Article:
Can whoever is in charge over there please tell us whose idea was this billion dollar's worth of pain? Will it continue under the Liberal messiah who supposedly supports children?

+-

    Hon. Maurizio Bevilacqua (Secretary of State (International Financial Institutions), Lib.): Mr. Speaker, the hon. member raises very important points. A point that is worth underlining is that after we achieved a surplus budget, 80% of our investment has been in the areas of health care, education, and research and development. This generates the type of wealth that will be redistributed to those in need. It is an effective way of creating a very effective economy.

*   *   *

+-Presence in Gallery

+-

    The Speaker: I would like to draw the attention of hon. members to the presence in the gallery of a delegation from the China-Canada Legislative Association, led by their Vice-Chairman, Mr. Liu Zhen.

    Some hon. members: Hear, hear.

[Translation]

    The Speaker: I also wish to draw to the attention of hon. members the presence in the gallery of the Honourable Françoise Gauthier, Minister of Agriculture, Fisheries and Food for the Government of Quebec.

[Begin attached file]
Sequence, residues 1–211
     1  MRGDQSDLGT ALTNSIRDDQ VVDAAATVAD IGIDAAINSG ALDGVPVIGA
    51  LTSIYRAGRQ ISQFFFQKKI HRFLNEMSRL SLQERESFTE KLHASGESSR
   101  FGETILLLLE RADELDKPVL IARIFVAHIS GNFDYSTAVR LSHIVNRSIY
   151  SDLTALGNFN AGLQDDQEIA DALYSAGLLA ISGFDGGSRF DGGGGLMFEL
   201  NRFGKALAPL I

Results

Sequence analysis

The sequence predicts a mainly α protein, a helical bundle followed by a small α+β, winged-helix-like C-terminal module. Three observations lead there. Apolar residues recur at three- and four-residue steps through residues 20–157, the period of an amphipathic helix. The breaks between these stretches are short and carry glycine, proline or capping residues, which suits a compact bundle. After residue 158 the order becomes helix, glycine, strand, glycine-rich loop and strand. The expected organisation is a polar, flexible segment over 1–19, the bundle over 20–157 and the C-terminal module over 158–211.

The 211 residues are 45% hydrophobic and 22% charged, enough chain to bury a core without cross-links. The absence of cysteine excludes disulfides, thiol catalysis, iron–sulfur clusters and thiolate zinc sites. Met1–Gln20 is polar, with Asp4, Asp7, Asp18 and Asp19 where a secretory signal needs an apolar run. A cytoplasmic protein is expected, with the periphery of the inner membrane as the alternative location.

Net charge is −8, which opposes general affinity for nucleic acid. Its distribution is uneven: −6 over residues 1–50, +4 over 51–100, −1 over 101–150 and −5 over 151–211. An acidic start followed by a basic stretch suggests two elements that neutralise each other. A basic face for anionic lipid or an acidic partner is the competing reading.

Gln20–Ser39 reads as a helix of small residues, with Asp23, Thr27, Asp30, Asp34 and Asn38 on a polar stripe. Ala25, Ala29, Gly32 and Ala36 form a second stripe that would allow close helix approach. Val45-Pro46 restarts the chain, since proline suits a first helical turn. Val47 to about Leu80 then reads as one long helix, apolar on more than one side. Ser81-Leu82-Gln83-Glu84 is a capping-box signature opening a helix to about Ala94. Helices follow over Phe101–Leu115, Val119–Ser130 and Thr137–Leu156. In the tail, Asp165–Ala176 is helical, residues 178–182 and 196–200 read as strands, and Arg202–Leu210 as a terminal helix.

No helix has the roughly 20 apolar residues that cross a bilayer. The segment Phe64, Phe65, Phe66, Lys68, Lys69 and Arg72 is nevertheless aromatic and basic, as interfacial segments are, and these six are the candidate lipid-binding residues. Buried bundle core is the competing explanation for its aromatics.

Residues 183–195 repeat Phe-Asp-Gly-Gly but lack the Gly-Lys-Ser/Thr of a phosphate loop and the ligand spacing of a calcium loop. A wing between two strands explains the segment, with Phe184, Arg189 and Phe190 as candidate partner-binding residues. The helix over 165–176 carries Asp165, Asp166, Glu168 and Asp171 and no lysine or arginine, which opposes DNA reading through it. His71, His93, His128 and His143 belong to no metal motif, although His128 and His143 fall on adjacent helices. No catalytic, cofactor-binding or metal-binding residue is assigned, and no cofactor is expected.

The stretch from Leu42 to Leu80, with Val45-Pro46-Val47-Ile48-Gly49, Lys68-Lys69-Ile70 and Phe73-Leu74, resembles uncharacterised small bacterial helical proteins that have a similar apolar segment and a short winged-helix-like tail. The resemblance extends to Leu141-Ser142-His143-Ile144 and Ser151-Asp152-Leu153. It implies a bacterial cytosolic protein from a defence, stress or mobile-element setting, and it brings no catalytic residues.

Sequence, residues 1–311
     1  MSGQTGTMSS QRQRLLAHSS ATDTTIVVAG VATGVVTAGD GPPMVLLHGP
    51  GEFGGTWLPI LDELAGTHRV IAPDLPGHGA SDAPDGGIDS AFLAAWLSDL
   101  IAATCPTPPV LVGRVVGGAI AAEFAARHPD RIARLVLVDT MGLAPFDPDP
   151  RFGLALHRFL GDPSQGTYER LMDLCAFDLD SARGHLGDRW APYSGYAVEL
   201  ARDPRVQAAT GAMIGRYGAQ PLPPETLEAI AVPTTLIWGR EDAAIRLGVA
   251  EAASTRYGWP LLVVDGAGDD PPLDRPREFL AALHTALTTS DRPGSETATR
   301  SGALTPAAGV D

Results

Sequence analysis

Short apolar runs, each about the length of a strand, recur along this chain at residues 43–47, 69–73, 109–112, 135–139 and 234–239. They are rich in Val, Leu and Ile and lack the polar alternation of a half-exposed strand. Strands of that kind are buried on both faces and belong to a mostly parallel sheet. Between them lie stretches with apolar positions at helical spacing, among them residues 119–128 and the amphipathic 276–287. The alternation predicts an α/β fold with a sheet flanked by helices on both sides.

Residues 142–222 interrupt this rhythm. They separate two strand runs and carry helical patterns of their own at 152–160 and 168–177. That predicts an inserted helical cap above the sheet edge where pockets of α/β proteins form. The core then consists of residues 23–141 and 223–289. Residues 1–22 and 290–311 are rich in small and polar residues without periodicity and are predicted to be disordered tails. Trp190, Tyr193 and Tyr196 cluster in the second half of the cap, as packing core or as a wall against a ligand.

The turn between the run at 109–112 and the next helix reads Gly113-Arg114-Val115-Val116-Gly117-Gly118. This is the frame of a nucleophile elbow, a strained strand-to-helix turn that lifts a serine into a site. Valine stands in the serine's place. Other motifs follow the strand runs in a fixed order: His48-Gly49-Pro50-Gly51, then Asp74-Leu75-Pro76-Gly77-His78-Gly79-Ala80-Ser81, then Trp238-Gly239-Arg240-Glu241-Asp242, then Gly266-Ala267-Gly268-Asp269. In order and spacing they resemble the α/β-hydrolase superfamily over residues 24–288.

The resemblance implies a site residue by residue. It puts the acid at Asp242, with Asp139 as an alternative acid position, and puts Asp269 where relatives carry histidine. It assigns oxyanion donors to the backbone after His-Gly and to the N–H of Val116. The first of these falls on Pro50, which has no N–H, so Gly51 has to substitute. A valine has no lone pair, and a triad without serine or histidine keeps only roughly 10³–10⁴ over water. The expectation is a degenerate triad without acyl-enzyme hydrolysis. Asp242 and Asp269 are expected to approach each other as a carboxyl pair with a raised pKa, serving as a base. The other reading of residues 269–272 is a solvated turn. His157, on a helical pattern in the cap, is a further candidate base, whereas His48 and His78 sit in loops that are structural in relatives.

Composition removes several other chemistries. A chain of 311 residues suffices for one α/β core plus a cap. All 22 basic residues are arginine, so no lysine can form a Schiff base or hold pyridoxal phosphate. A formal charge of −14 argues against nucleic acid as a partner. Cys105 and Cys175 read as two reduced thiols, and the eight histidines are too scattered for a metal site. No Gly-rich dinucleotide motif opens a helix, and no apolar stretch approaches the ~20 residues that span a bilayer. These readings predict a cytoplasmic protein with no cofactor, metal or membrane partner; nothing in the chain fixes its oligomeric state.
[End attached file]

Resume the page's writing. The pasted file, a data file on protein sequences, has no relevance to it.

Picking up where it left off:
Some hon. members: Hear, hear.


+-ROUTINE PROCEEDINGS

[Routine Proceedings]

*   *   *

[English]

+-Government Response to Petitions

+-

    Mr. Geoff Regan (Parliamentary Secretary to the Leader of the Government in the House of Commons, Lib.): Mr. Speaker, pursuant to Standing Order 36(8) I have the honour to table, in both official languages, the government's response to 14 petitions.

*   *   *

  +-(1505)  

+-Nuclear Amendment Act, 2003

+-

    Mr. David Chatters (Athabasca, Canadian Alliance) moved for leave to introduce Bill C-449, an act to amend the Nuclear Energy Act and the Nuclear Safety and Control Act.

    He said: Mr. Speaker, this is a fairly simple bill. It simply splits responsibility for Atomic Energy Canada Limited and the Canadian Nuclear Safety Commission into the responsibility of two ministers instead of one, because in my opinion there is clearly a conflict of interest to be both the marketer and the public safety supervisor of the nuclear industry. I am proposing to split that responsibility in two.

    (Motions deemed adopted, bill read the first time and printed)

*   *   *

+-Petitions

+Canada Post

+-

    Mr. Chuck Cadman (Surrey North, Canadian Alliance): Mr. Speaker, pursuant to Standing Order 36 I am pleased to present two petitions.